Conversations about life & privacy in the digital age

A First

Last night I had the honor of serving on my first panel discussion. As you might imagine, it was on the role of the big toe and its relationship to the other four toes it serves. Or – the future of the cloud and where we go from here. There were several other panelists covering various aspects of the ‘cloud’ and it was interesting to hear their take. A few takeaways…

1) It seems – based on the discussion – that everything is moving much more toward the small business and enterprise market and the consumer side will be won over by a few big players – Apple, Google, Microsoft, etc… This has certainly been the argument all along in opposition to us ‘smaller’ players but I am just not sure I agree. One of the big obstacles I have always seen with the big players is a restriction they all place on themselves – compatibility. They build their ‘stuff’ specifically not to talk to each other and as data resides across more machines, devices, and platforms it seems there will always be a place for someone to understand and organize regardless of restriction.

2) Differentiation of the different data elements and how we use them. Similar to how we live everyday, there are shirts and pants we wear quite often and others we pack away for special events or different seasons. Data is very similar to this and whereas you might not need to store your old prom dress or tuxedo in eyesight – so too is there data that you might not need to interact with day-to-day and therefore would prefer cheaper cloud storage. That said, documents you interact with daily would sit more front and center in the closet and thus you don’t mind paying a bit more.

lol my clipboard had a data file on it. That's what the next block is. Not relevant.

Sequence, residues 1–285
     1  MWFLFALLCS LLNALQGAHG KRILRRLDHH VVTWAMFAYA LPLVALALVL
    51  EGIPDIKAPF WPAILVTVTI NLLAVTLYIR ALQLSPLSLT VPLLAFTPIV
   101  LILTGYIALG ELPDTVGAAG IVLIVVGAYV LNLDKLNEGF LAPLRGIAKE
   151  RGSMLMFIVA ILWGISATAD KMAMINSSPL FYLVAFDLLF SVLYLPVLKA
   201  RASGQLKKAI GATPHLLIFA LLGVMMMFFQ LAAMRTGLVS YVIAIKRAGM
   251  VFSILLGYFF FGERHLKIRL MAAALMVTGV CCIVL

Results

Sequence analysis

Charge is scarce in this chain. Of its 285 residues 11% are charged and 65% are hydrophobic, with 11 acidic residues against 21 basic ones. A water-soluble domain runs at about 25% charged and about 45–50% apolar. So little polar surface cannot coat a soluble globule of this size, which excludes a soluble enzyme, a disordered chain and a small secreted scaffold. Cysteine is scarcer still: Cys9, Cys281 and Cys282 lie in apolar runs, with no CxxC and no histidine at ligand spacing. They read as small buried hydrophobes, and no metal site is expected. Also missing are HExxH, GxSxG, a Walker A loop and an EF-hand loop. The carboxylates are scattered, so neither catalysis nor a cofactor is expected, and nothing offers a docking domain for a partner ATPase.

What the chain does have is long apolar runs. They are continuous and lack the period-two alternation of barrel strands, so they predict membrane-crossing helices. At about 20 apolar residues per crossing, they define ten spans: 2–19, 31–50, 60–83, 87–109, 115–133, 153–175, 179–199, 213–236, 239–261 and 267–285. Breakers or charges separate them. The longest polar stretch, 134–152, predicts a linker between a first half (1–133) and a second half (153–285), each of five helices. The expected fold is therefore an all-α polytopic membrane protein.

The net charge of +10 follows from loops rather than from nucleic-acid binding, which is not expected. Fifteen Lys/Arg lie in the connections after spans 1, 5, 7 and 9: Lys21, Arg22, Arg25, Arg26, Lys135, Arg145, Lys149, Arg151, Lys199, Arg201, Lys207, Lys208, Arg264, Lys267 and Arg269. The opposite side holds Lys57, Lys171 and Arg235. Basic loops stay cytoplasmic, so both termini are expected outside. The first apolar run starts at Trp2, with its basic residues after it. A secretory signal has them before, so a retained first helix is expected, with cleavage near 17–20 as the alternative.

3) Privacy is now and will continue to be a growing concern. The creation of our ‘zero-knowledge’ encryption was in direct response to what we felt would always be an important need as the cloud grew and grew and became more mainstream – privacy. However, there are varying degrees here as well.

4) Continued increase in the creation of data and the next wave. The discussion moved more to biometric devices able to capture heart rates and blood pressure and other body measurements into the cloud and then have automated systems created by doctors to alert you if there was potential trouble. Will be an interesting future…

In the end, it appears the ‘cloud’ is here to stay and will continue to grow and affect our lives in new and exciting ways. As for myself, I survived my first panel relatively unscathed as I didn’t spill my drink, fall asleep, insult the moderator, or say anything too scandalous about a competing CEO.


  1. Paul says:

    There's always room for the little guy. Our freedom to innovate will keep great new products and services coming.

  2. Rolf says:

    The zero knowledge encryption is the only way to handle this kind of data and truly be credible and trustworthy in this field. You have a big advantage there. Keep up the good work, and educate people on the importance of true privacy, even in the cloud.

  3. Ivanho says:

    Being a smaller company makes you more flexible, and my general impression is that smaller companies are better at listening to their customers as well. Take "Microsoft SkyDrive" for instance, on first sight they seem to have a good offer with 25GB free storage, but I signed up several years ago and still haven't used 1GB because their web-interface is too cumbersome to use for anything practical (can't move files, can't delete multiple files at once, slow download/upload…).

    Easy match for SpiderOak :)